The pulses from DDA multiplier 26 and 28 are applied to a DDA subtractor 30 which generates plus CTE and minus CTE pulses. Each CTE pulse generated represents a differential or incremental cross track error as described above. The CTE pulses are integrated or smoothed, as by a capacitive means illustrated at 34, and applied to the left/right rudder control means 32, otherwise referred as the horizontal control rudder, which operates to vary the angle of the rudder in accordance with the smoothed CTE pulses to guide the projectile smoothly back on to the flight path. In the DDA subtractor 30 the input pulses are applied to up or down input terminals, as illustrated, of the Y register 30a which is initially at zero. At each word time, a clock pulse is applied to gate 30b to transfer the contents of the Y register 30a to the R register 30c. An overflow of the R register generates a plus CTE pulse and an underflow of the R register generates a minus CTE pulse.

As is well known a loran system only defines coordinate information in a 2-dimensional plane, and thus, the loran receiver/processor is incapable of determining the altitude of the projectile. Furthermore, the target may be on a mountain or in a valley but the loran coordinates of the target which are initially stored do not take into account the possible variation in altitude of the target. This apparent deficiency of loran is overcome in accordance with the present invention by the technique of flying the projectile along a path which, as viewed in horizontal cross section is similar to the path of broken line 62 in FIG. 4. As shown in the figure, the projectile 56, launched from the launch point L, flys towards the target 50 which is on a hill 60. During the first phase of the flight only the cross track error is monitored to guide the projectile along the lorhumb line. No loran process signals are generated having any relation to the altitude of the projectile 56 above the ground or above the target 50. At a foldover or pushover point P the second phase of flight begins. When the projectile 56 reaches point P the projectile executes an automatic ballistic foldover by angularly positioning the vertical control elevator 58 of the projectile 56 to cause the projectile to turn its nose downward. At point 54 the nose will be turned downward and the third phase of the flight occurs. During the third phase the cross track error continues to be generated and controls the horizontal control rudder (not shown) which adjust the position of the projectile 56 in the plane perpendicular to the drawing of FIG. 4. In addition to the cross track error, the computer also generates a distance-to-go signal which controls the vertical control elevator 58 to properly position the projectile in the plane which is parallel to the plane of the paper. As a result of the flight path described it is easily seen that there is no need to know the accurate altitude position of a target or to monitor the altitude of the projectile. It is important, however, that the projectile, either by its own propulsion means or by launching it at a sufficient altitude, be at an altitude above the target when it reaches the foldover point P which is at least equal to or greater than the distance between points 52 and 54. The distance between 52 and 54 represents the altitude drop of the projectile during foldover from a horizontal flight to a vertical flight.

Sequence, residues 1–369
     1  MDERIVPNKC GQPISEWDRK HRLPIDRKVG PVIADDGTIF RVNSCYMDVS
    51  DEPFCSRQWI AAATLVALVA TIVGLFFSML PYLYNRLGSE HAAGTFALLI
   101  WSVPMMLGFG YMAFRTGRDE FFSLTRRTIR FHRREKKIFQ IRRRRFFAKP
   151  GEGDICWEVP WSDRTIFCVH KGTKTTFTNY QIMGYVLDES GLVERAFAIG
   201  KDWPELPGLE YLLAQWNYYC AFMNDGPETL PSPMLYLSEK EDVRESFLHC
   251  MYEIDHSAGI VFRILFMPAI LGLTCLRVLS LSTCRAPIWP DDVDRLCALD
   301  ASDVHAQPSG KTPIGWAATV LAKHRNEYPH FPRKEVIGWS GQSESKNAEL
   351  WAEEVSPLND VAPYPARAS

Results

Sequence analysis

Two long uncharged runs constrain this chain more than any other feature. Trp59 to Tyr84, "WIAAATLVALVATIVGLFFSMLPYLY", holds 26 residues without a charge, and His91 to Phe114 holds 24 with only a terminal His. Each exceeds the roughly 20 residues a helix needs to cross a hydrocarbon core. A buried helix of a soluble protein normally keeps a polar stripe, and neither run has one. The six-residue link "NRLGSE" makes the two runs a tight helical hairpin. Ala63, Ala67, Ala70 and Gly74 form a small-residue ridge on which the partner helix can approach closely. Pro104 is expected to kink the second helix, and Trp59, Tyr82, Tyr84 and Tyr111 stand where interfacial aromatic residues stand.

The actual foldover point P may be determined in advance by knowledge of the characteristics of the projectile. It is assumed that the projectile is flying on the lorhumb line by the time it reaches point P and therefore it is only required that the on-board system monitor either TDAi or TDBi and generate a logic output for initiating foldover when the value of TDAi reaches the value of the stored TDAP or when the value of TDBi reaches the value of the stored TDBP. That portion of the computer which generates the initiate foldover signal, and thereby starts phase 2 of the flight is illustrated in FIG. 5.